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Sabres Capital Explains How To Legally Write Off Your Credit Card Debt
Credit cards can be convenient and they are also the source of plentiful rewards.
Used irresponsibly, though, and credit cards can also lead to large amounts of debt and the need for debt consolidation.
When you’re looking to reduce credit card debt, you might be hoping for a legal way of writing off your debt
Whether or not you can achieve this, though, is in the hands of your credit provider. You most likely will end up with a bad credit score.
What Does Writing off Credit Card Debt Really Mean?
You obviously can’t just decide you want to write off debt so you don’t need to pay it.
When a card issuer writes off debt, they have simply accepted the balance as a loss. This is true for credit cards and debt consolidation loans.
This could seem like good news at the time, but it could trigger many complications you’ll need to deal with before you’re fully free of the debt.
The Mechanics of Writing Off Debt
Specifics vary from state to state, but writing off debt occurs when the debtor fails to make payments and the card issuer declares the debt uncollectable.
Missing 6 months of payments leaves the company with little to no chance of ever collecting the debt. This process is sometimes called charging off debt or a charge-off.
The credit card company can then report the debt as a loss to reduce its own tax liability. The account is declared a worthless asset and deducted as a loss.
The length of time before the account is written off will vary according to the card company, your payment history, and your assets.
Selling Your Debt to a Collection Agency
The next step is usually that the card provider sells the debt to a collection agency. The agency will attempt to collect any outstanding balance.
Card companies sell these debts for much less than the value of the outstanding balance in an attempt to recoup at least a portion of the debt. The agency then has the latitude to pursue collections. If the agency is able to get the debt paid off, it will normally make money by collecting more than it paid for the account.
Can You Take an Active Approach to Having a Credit Card Debt Written Off?
Aside from failing to make payments for 6 months or more, there’s not much else you can do to accelerate the process of credit card debt being written off.
If your aim is to eliminate all monies owed, bankruptcy or debt consolidation might be better options.
Filing bankruptcy will rid you of your credit card balance, and you won’t need to repay it in the future either. You’ll need to meet certain criteria, and you could end responsible for a portion of the debt.
With debt consolidation, you’ll make one monthly payment to a debt consolidation company. They make arrangements with creditors and distribute money between creditors. This will not write off your credit card debt, but it allows you to streamline that debt.
The Debt Is Not Erased
Even if the credit card provider writes off the debt and sells the account, this doesn’t mean the debt is erased.
You will still owe the outstanding balance so debt collectors can call you, and they can sue you if you don’t make payments.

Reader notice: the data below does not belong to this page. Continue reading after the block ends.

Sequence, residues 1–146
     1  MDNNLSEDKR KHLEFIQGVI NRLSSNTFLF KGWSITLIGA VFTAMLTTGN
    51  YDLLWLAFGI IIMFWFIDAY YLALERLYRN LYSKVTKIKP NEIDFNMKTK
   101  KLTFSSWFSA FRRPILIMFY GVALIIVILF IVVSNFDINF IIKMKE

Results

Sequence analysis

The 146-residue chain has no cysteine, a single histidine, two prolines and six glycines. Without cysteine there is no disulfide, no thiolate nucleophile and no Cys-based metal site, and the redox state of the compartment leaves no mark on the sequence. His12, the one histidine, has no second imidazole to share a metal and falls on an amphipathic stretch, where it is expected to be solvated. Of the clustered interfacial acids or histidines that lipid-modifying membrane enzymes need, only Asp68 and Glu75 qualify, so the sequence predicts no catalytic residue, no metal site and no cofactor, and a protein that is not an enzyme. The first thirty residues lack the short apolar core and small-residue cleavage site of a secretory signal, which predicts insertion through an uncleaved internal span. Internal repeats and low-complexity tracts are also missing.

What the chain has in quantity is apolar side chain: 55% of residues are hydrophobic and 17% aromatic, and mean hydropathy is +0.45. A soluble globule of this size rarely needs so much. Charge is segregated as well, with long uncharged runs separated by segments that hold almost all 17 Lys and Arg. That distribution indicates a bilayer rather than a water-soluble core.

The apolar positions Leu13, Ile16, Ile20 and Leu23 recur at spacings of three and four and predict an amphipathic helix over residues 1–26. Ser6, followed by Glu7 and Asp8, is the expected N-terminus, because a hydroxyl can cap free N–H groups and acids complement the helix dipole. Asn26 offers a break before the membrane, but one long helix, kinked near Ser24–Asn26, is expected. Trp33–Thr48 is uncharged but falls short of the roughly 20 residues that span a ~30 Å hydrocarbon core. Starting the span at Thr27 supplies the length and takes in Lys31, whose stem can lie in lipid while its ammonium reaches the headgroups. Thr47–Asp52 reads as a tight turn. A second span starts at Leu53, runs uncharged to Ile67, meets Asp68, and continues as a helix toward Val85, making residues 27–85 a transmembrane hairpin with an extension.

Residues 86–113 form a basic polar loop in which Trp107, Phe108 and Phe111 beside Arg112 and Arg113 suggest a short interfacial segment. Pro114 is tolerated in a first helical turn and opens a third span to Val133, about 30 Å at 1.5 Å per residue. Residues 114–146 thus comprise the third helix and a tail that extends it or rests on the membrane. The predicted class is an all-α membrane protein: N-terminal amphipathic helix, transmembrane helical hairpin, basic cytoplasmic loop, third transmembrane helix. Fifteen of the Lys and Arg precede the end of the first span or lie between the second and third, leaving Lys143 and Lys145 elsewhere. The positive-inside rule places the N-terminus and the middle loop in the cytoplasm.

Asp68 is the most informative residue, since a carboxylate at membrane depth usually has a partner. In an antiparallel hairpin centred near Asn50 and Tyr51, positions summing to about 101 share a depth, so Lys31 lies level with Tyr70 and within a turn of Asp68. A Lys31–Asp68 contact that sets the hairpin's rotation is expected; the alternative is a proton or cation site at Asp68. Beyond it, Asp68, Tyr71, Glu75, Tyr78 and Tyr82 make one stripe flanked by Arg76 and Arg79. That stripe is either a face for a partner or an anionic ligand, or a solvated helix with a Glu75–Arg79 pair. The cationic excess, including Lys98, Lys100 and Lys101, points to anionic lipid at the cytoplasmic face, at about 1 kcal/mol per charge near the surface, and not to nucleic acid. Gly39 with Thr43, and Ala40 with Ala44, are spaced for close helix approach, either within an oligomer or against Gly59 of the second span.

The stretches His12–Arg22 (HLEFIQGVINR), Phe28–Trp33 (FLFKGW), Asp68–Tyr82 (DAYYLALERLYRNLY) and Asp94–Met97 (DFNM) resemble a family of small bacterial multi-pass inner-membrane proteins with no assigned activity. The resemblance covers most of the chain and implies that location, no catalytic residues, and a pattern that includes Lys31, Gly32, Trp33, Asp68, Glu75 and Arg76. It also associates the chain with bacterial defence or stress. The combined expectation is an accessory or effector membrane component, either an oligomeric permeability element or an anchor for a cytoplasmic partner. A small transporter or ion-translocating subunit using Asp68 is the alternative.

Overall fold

Impact on Your Credit Score
Writing off debt can impact your credit score.
The charged-off debt will be reported, as well as the collection account appearing on your file if your debt is sold. This can have a negative effect for up to 7 years.
Late payments make up 35% of your credit score, so a charged-off debt implies you’ll already have noticed a drop in your credit score by the time it reaches this stage. Late payments can cause your score to drop by up to 80 points. It can take a couple of years for your score to start rising again.
Even worse than a tumbling credit score, you could end up owing the IRS, too.
The debt will be reported as lost income by the credit card company. The IRS will look to you to collect tax on this sum. The amount you owe will be considered as gained income.
If you have a debt of more than $600 written off, the card issuer will send you Form 1099-C so you can report the amount as income when you file your taxes.
Here are the cases when you do not need to report the charged-off debt as income:
- Non-business debt that was canceled before 2007 due to Hurricane Katrina
- Canceled student loan
- Cancellation or write-off as gift
- Discharged debt through bankruptcy
- Insolvency before agreement to write off debt
Tips for Dealing with Charged-Off Credit Card Debt
Try to set up a payment arrangement before the debt is charged off. This could save you the headache of dealing with collection agencies.
You could also try to:
- Negotiate superior interest rates
- Negotiate lesser repayments
- Never ignore credit card companies or collection agencies
It’s not always easy to juggle credit card debt with other responsibilities, especially if you’ve been confronted by unexpected hardship like job loss or a medical emergency.
It will not usually be an option to charge off debt. Even if you persuade your creditor to write off the debt, you’ll still need to deal with debt collectors, and you’ll need to face up to the hassle of collection agencies, too.
You could even wind up owing the IRS, as well as impacting your credit score.
Take heart, though, because this is not an impossible situation. Many consumers have successfully negotiated and got back on track after suffering what seemed like insurmountable debt.
Benjamin is a technology enthusiast. He formerly consulted and handled communications for multiple tech startups. Now he works with the Xtrapoint Digital Network as a full-time journalist and is given the freedom to explore finance, history, and the arts.